Communicating in silence; lessons from The Artist

May 10th, 2012

I recently went to see the film The Artist  (I know everyone else probably saw it ages ago and  I am a bit behind the times). I was not quite sure what to expect, particularly with all the hype, however it is one of the best films I have seen in a long time. I was totally captivated throughout the whole movie, quite some feat given that there are very few spoken words.

This got me thinking about how much can be conveyed and communicated without speech and about how much of what we communicate is so much more than the words we speak.

This is important in a workplace conflict or mediation context where it is necessary to understand the needs and interests of the parties. The issues in dispute in a workplace conflict are the real tip of the iceberg, it is what lies beneath that is important. The real issues relate to how people engage and interact with each other and how they are feeling and reacting to this is important for both parties to understand.  This does not mean that the parties have to agree or accept the others position but they do need to gain an understanding of the others perspective.

To gain this understanding it is necessary to listen to what is beneath the words, to look for clues in an individuals demeanor, gestures, body positioning, facial expressions, eye contact and also tone of voice.  Some studies suggest that 93% of our messages are conveyed by tone of voice and facial expressions and 7% by the words spoken. It is clear that we express our emotions and attitudes more non-verbally than verbally so the nonverbal clues are vitally important to understanding the underlying issues.

Real, deep listening is hard and takes some effort. Listening to the words is hard enough in itself but to listen to all the emotions and feelings is even harder.  It requires sustained and full attention without letting your mind wander as to what’s for tea tonight or what your next question is. Multi tasking is not an option here and even taking the briefest of notes can distract you from what is being communicated. The skill of the mediator or conflict coach is to listen empathetically and to then to reflect back what is being communicated between the parties in an appropriate way and so that their understanding of  each others perspective is deepened.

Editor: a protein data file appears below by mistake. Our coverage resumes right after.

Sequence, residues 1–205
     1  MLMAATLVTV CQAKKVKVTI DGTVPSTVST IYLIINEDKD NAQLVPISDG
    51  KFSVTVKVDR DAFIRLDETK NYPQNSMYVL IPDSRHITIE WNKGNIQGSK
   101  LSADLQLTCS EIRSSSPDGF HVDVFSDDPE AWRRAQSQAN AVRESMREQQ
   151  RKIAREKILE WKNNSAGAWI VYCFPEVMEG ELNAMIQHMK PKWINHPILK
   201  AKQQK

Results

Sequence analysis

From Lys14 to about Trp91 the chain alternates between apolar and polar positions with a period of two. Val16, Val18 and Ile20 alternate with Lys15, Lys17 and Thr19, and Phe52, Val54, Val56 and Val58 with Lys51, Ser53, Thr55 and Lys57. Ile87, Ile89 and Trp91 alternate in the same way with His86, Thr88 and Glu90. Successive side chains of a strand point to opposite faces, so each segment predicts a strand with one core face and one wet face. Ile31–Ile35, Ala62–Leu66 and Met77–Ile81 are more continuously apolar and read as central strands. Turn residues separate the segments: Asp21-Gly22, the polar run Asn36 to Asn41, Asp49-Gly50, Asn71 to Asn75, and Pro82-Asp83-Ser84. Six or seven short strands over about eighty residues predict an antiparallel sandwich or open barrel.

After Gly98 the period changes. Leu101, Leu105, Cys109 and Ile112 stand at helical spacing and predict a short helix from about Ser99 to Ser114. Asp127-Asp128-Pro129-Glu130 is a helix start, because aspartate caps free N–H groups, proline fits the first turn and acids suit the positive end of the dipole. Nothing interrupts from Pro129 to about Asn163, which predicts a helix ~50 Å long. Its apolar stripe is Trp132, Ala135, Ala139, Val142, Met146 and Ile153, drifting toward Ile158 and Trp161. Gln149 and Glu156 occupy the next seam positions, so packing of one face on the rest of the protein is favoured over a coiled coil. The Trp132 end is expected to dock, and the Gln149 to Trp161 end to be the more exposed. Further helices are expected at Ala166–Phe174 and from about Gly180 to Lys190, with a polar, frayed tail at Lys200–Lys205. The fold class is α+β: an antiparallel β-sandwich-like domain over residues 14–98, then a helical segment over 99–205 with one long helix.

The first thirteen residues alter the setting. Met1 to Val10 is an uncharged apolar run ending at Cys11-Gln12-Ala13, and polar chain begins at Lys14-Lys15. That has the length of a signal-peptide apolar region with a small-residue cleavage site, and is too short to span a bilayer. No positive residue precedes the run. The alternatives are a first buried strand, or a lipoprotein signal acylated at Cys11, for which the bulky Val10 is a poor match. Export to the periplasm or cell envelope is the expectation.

In the Artist there was the benefit of atmospheric music, lighting and the artistic composition of scenes, (and a very cute dog) which are not available in a normal interactions with individuals. Without these clues it is even more important to engage in deep empathetic listening; a vital skill for anyone involved in dealing with workplace conflict either as a line manager, HR professional, conflict coach or mediator.

For further information about training courses available on conflict management or difficult conversations please visit www.alisonlove.co.uk

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